Journalist Had Drugs in System at Time of Deadly Car Crash
An autopsy report has determined that journalist Michael Hastings had a mixture of drugs in his system when he was killed in a fiery car crash. The results showed that he likely took both marijuana and methamphetamine within hours of the crash, but officials don’t believe that played a role.
The report says Hastings had been sober for 14 years, but family members said he recently relapsed. Hastings’ article on General Stanley McChrystal led to the general’s resignation.
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Hasting’s cause of death was massive blunt force trauma, and the coroner determined he likely lost consciousness upon impact and died within seconds.
The autopsy report came two months after Hastings' death on a deserted Los Angeles street fueled conspiracy theories and prompted the FBI to release an unusual statement that it had not been investigating him.
Hastings died when his Mercedes, traveling at a high rate of speed, crossed into the median on Highland Avenue in Hollywood and struck a tree on June 18. The car burst into flames and Hastings' body was charred to the point that it took several days to positively identify him.
The report states that Hastings had been "sober" for 14 years, but his family believed he had started using drugs again in the month before his death.
According to investigators, the crash occurred a day after Hastings returned from New York, where his wife was living at the time, and hours before a brother was due to join another family member in urging Hastings to go to detox. Family members said Hastings had been using the hallucinogenic DMT recently, though the drug was not detected in a blood test after the crash.
The names of family members who spoke to investigators were redacted in the report.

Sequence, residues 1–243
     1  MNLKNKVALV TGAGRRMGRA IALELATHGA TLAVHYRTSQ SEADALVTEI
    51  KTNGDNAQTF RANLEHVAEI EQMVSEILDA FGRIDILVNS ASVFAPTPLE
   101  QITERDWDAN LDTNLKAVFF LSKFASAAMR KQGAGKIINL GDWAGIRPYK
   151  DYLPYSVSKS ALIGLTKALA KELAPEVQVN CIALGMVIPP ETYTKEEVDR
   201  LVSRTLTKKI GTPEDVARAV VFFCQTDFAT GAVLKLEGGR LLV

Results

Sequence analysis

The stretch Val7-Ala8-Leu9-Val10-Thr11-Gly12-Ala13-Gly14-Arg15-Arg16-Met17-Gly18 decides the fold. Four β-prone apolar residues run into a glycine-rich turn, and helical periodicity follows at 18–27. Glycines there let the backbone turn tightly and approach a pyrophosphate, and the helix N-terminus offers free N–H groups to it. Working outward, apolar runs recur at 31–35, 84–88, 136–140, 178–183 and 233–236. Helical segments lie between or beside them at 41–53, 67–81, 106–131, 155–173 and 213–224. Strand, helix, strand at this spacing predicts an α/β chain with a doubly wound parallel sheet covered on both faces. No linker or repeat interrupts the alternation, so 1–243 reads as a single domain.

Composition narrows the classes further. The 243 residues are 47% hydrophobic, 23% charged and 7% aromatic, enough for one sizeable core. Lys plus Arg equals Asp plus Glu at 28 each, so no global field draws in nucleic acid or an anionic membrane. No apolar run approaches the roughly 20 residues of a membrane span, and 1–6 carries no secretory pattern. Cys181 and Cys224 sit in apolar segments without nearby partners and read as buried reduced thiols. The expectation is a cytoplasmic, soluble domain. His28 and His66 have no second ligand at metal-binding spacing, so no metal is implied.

The report said a family member had last seen Hastings passed out at home about three hours before the crash. The person said Hastings had been smoking marijuana the night before the crash.
Investigators said Hastings was found after the crash with a medicinal marijuana identity card in his wallet, and that the drug apparently was used to ease post-traumatic stress disorder after his assignments in Afghanistan and Iraq.
The report also noted that Hastings had hit a pole while driving several years ago and was possibly misusing Ritalin at the time. He was later institutionalized for rehabilitative care.
A family member told investigators Hastings didn't have a history of suicide attempts but believed he was invincible and could jump off a balcony and be fine.
At the time of his death, Hastings was working as a contributing editor for Rolling Stone and wrote about politics for Buzzfeed.
He won a 2010 George Polk Award for magazine reporting for the McChrystal article, which was titled "The Runaway General."
His story was considered responsible for ending McChrystal's career after it revealed the military's candid criticisms of the Obama administration.
Hastings was also an author of books about the wars. "The Operators: The Wild and Terrifying Inside Story of America's War in Afghanistan" was published late last year and details shocking exploits of the military overseas.
In 2010, with the publication of "I Lost My Love in Baghdad," Hastings told the story of being a young war correspondent whose girlfriend dies in Iraq.
The Associated Press contributed to this report